Costume-jewellery seller Madam Lau and her husband make about RM3,000 monthly. She operates a stall in a hypermarket while he sells the jewellery at night markets in and around Kulim.
The couple, who have two children and live in Taman Selasih, Kulim, do not cook at home because of the nature of their work and spend about RM500 eating out each month.
“As we both work long hours, we are hardly at home. So, we don’t cook. We also often eat at my mother-in-law’s.
“When we do not, we buy food from economy rice stalls, which is not very expensive,” said the 37-year-old.
The one expensive item on their food bill is PediaSure milk powder, which cost RM90 for the 850g tin for their 2½-year-old child.
“My kids are still small so there is no need to spend on tuition. We are also lucky their grandma can take care of them while we work. No day care expenses needed,” said Lau, who has a credit card which she uses for emergencies only.
On what is left at the end of the month, she said: “Since everything depends on how good sales are, I can’t really say how much we have left. But we make sure we have some left to put away. You have to, when you have kids to raise.
“So far, we have been lucky that we can still get by, even though sales have not been good. Everyone running small businesses has been complaining about the petrol prices and rising cost of living.”
“When the business got into trouble and closed, we lost money, so we moved back to Penang after having our baby.
“My wife stays home with the boy now, so at least we save on daycare.”
The family spend RM500 on monthly groceries at morning markets and hypermarkets. The items are mostly staples like rice, chicken, fish, vegetables, sugar and milk powder. The most expensive non-food item is nappies which cost RM100 monthly.
He also said his high utility bill was because of frequent use of air-conditioning since his son has eczema.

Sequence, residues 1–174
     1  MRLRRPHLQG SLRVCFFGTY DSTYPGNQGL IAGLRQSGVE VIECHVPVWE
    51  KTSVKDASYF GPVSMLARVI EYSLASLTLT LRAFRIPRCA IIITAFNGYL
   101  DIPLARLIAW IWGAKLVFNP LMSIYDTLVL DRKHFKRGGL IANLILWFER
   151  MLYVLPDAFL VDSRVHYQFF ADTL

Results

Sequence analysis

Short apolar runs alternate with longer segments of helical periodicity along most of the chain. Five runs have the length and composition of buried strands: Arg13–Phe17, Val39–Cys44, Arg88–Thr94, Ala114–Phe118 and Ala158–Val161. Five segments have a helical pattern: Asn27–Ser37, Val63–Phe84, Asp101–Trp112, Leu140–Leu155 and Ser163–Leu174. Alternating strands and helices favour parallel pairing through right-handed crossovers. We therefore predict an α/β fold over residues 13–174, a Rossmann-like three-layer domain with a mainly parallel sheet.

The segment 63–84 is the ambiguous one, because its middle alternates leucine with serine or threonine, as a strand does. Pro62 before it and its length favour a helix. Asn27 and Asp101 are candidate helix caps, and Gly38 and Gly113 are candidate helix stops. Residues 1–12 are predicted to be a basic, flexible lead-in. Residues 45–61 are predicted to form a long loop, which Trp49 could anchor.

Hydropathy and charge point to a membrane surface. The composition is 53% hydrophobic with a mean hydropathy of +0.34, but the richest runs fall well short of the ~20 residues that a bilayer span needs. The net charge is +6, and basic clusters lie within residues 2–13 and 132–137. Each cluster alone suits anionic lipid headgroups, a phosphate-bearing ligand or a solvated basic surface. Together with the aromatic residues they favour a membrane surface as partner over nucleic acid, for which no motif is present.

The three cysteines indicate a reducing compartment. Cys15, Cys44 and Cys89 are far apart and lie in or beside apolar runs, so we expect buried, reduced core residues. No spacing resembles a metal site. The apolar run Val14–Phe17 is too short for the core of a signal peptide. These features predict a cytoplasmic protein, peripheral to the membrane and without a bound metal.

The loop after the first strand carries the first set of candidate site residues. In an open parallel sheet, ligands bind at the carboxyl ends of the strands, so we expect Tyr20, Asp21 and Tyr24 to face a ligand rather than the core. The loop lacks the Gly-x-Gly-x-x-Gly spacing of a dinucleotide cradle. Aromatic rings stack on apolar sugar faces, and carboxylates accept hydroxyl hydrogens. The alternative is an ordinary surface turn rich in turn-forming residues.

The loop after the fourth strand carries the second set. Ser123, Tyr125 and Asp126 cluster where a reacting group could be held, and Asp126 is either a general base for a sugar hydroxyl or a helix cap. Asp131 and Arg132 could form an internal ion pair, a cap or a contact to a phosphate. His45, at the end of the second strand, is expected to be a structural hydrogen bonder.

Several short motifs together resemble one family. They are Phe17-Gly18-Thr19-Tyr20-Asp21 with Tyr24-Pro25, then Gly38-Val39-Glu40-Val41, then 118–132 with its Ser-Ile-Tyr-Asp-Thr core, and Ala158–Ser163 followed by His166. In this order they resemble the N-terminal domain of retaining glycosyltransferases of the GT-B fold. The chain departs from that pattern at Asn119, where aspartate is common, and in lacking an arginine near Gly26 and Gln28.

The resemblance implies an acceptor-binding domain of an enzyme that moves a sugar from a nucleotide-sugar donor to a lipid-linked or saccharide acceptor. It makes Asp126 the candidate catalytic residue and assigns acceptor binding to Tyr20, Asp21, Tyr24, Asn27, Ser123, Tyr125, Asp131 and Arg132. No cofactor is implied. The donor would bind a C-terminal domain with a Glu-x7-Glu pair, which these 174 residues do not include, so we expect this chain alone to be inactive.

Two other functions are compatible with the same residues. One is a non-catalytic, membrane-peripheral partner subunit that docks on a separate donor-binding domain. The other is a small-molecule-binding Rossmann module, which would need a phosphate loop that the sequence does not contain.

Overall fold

Sabri also takes on part-time work but it is not regular.
“Sometimes I take on a runner job, doing errands for people I know. It’s not a fixed thing. I used to drive Uber in the past but in Penang and with petrol prices going up now, you do not make very much. Penang is too small. Not like KL.”
He has done away with his credit card, former indulgences and short holidays, which were part of his KL lifestyle.
Sabri has nothing left from his salary at the end of the month but is fortunate to have a sister who will help out when the need arises.
“I have a sister I can rely on. She will give me the money for emergencies.”
Amiruddin, who has a 10-year-old son, supplements the family income as a delivery man for a fast-food restaurant on weekends which gives him an additional RM300.
“I am just starting this delivery job. I used to sell second-hand clothes at the flea market at Lorong Kulit but the local authorities said I had no permit so I had to stop.
“I will deliver fast food on Saturdays and Sundays. It is an eight-hour job. It will get me an average RM300 a month,” the 32-year-old said.
Fish, chicken and meat take a chunk out of his monthly food bill. The family have also stopped buying Anlene milk powder (more than RM30 for a 1kg packet) as it is too expensive.
“We have switched to Dutch Lady. It is a few ringgit cheaper. If there is a promotion for Anlene, then we will get it,” he said, adding that they mostly shop at wet markets and hypermarket.
By the end of the month, Amiruddin will have nothing left in the kitty and resorts to borrowing from relatives if there is an emergency. He does not have a credit card.
“If I can find someone to buy my books, sports equipment, I would sell them too. I have done that about 10 times, selling my personal items to interested friends or online.”
“Sometimes she earns less than RM50 a day after minusing all the costs. On a good day, like when there is no heavy rain, she can make about RM100. Usually at the end of the month, it is around RM1,000 or so,” said Saiful, 27, who lives in Batang Kali.
As a couple without kids, their monthly big spends are on food, rent and the car loan. Saiful uses a motorbike to commute to work in Sg Buloh.
The couple shop for fresh food and groceries at hypermarkets, such as Tesco, NSK and Econsafe.
“The most expensive item is fish. Even rice is expensive these days ,” said Saiful adding that he usually eats a hearty breakfast at home and skips lunch at work or eats bread if he gets hungry.
He makes sure that at least RM100 is saved each month for an emergency.
Hanizan Hussein’s family of three live off her husband’s monthly salary of almost RM4,000.
“We live a very simple life,” said the 45-year-old cleaner. They do not own a car and get transport from her extended family who live nearby.
They spend around RM400 on food per month, and the most expensive item is prawns.
“My daughter does not eat fish, so we will buy prawns twice a week,” said Hanizan who shops for fresh food at the grocery shop near her house daily.
She spends no more than RM15 each time and the bill usually comes to less than RM10 for a dinner for three.
Her biggest splurge is at a book fest twice a year when she spends an average of RM500.
“I love reading. So, I will buy for myself and my daughter. The money is already set aside for these annual book fests. ” – September 12, 2017. - TMI”